WASHINGTON — If Harry S Truman did it, why can’t George W. Bush?
Truman came back from the political abyss — his public approval rating sank as low as 22 percent thanks in large part to America’s entry into the Korean War and his handling of labor disputes at home — to become regarded by historians as one of the nation’s top 10 presidents. Lately, some Bush administration officials and White House associates have predicted that President Bush — mired in an unpopular war in Iraq and saddled with the low Nixon-level approval ratings — will get the Truman treatment by historians after he leaves office in January 2009.
“I think when the history is written that, in fact, it will reflect credit upon this president and his administration,” Vice President Dick Cheney told CNN’s Larry King last month.
Will history really give Bush the Truman bounce? Several historians doubt it, noting that no other president other than the former haberdasher from Independence, Mo., has received such a 180-degree revision to the benefit of his legacy.
“I don’t think any president has had as significant a re-evaluation as Truman,” said Columbia University historian Alan Brinkley. “(Dwight) Eisenhower has risen in historical evaluation quite a lot, but not to the same degree. (James) Polk was once ranked much higher than he now usually is. I suspect (Ronald) Reagan will fluctuate a good deal over time.”
Bush, Brinkley said, “does not seem to me to have many achievements that would earn him a high ranking — again, unless the Iraq war turns out, unexpectedly, to be successful in the long term.”
Historians tend to rank presidents as “great,” “near great,” “above average,” “average,” “below average” or “failure.” George Washington, Abraham Lincoln and Franklin D. Roosevelt routinely top most presidential surveys conducted every few years by historians and other experts.
Thomas Jefferson and Theodore Roosevelt usually rank just below the top three. Truman, who produced the Marshall Plan to rebuild war-damaged Europe and the Truman doctrine to protect free peoples from falling under communism and who decided to desegregate America’s military, consistently appears on most lists.
Fading in and out of the top 10 list are James Monroe, James Madison, Andrew Jackson, Woodrow Wilson, Eisenhower, Reagan and John F. Kennedy.
There’s almost no argument among scholars about failed presidents, with Warren G. Harding, Franklin Pierce, Andrew Johnson and James Buchanan firmly ensconced at the bottom of the list.
Bush currently is in the middle of the pack of presidents in the most recent rankings. A 2005 survey conducted by the Wall Street Journal and the Federalist Society had Bush ranked 19 among America’s 43 presidents and a 2002 ranking by the Siena College's Research Institute listed him at 23rd.
But with 17 months left in his presidency, some historians already have predicted that Bush is destined for the failed presidents' club largely because of the Iraq war, his handling of Hurricane Katrina’s aftermath and his inability to get legacy-building Social Security and immigration changes through Congress.
Robert Dallek, a Boston University history professor and the author of the book “Nixon and Kissinger: Partners in Power,” said it’s too soon to call Bush a failure, but he added that the historical evidence is stacking up against the president.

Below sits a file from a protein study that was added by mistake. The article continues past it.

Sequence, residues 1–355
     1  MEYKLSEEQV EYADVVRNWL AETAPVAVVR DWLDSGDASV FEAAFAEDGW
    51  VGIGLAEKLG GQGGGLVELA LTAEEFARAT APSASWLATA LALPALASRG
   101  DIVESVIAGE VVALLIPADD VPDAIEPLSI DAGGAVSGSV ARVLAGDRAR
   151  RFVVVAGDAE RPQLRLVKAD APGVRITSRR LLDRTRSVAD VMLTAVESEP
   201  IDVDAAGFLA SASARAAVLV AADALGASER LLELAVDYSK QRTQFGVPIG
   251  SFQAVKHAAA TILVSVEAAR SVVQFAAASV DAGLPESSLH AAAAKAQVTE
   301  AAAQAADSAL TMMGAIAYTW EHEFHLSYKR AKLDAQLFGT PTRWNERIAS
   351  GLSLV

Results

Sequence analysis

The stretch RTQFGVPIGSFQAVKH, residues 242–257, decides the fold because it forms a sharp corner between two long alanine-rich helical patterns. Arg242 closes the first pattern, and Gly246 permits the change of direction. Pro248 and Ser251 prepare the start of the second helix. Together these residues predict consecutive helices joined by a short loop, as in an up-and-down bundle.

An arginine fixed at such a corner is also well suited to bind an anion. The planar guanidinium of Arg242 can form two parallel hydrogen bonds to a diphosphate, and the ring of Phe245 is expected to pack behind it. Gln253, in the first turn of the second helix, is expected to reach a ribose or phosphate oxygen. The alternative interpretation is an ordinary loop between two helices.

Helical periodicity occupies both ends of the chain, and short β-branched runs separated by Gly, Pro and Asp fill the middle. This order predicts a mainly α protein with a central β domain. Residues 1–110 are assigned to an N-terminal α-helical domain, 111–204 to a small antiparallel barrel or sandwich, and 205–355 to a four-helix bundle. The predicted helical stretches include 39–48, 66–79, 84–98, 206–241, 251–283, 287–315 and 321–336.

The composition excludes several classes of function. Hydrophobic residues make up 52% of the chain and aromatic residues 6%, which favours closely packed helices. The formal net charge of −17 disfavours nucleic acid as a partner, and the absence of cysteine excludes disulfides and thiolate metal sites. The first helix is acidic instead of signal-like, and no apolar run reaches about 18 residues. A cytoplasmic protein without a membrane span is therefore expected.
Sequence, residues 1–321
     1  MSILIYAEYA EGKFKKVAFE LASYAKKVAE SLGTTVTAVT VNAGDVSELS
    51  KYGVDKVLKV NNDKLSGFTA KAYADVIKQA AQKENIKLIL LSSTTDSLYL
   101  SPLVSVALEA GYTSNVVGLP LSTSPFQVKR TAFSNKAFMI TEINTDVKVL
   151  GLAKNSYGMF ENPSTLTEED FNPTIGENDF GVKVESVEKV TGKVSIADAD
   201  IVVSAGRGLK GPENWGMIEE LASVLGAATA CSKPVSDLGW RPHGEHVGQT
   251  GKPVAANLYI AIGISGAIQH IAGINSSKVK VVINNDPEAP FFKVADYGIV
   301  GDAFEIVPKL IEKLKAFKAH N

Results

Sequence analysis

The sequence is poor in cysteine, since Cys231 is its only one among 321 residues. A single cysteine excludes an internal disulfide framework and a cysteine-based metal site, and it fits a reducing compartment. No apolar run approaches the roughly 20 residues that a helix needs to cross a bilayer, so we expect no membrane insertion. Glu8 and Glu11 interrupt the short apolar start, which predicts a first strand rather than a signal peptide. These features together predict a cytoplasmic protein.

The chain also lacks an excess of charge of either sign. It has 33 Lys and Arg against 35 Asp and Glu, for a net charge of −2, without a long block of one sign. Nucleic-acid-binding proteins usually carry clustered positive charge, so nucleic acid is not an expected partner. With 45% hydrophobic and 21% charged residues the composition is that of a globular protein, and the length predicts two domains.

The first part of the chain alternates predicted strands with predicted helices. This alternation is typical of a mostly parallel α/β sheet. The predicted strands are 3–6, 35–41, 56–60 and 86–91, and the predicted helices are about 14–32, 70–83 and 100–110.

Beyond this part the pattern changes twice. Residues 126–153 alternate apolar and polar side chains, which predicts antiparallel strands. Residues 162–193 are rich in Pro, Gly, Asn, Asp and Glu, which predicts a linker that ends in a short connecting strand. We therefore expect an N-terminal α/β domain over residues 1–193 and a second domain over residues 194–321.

“You bounce back if the person behind you is worse,” said Dallek. “Ronald Reagan had Jimmy Carter. Hard to imagine that there will be a series of presidents who will make Bush look better.”
Bush may not mount a Truman-like comeback, some presidential scholars say, but he may be able to inch his way up a spot or two in the rankings the way a few troubled presidents have.
Lyndon Johnson left the White House publicly and physically beaten down by his unpopular escalation of the Vietnam War. But time has helped Johnson’s place in history as scholarly reviews and several books have highlighted his domestic accomplishments, which included pushing civil rights legislation through Congress, the creation of the Great Society programs and his attempt to declare war on poverty.
“The comparisons between Bush and Johnson, the parallels in foreign policy are stunning,” said Robert Caro, a Pulitzer Prize-winning biographer of the Johnson presidency. “But domestically, there’s no comparison at all. If you’re trying to assess presidents, you need something to assess. Lyndon Johnson had a long list of accomplishments. In Johnson’s case, no matter how you rank him with Vietnam, there are successes. With Bush, unless there’s a good outcome in Iraq, there’s nothing to buttress him.”
Bush, for his part, is taking the long view of history. He told a small group of historians during an Oval Office meeting last year that it’s going to take decades for the political dust to settle from his eight years in the White House before his stewardship can be assessed accurately.
“It’s going to take two generations before anyone can make judgment on the success or failure of his presidency,” recalled Forrest McDonald, a professor emeritus from the University of Alabama, a conservative and a highly regarded presidential historian, who attended the meeting. “You figure that it usually takes one generation, 20 years. He says it’s going to take 40. It was a strange stance to me.”
Bush has publicly stated on several occasions that the true history of his presidency will be written long after he is dead.
McDonald said the jury is still out on the Bush presidency, that it “could go either way between favorable and unfavorable.”
But not to Bush supporters, such as Jim Graznow, a Republican voter from Hubbard, Iowa.
“In the years to come, they’ll think he did a pretty good job,” Graznow said last week, “just like Harry Truman.”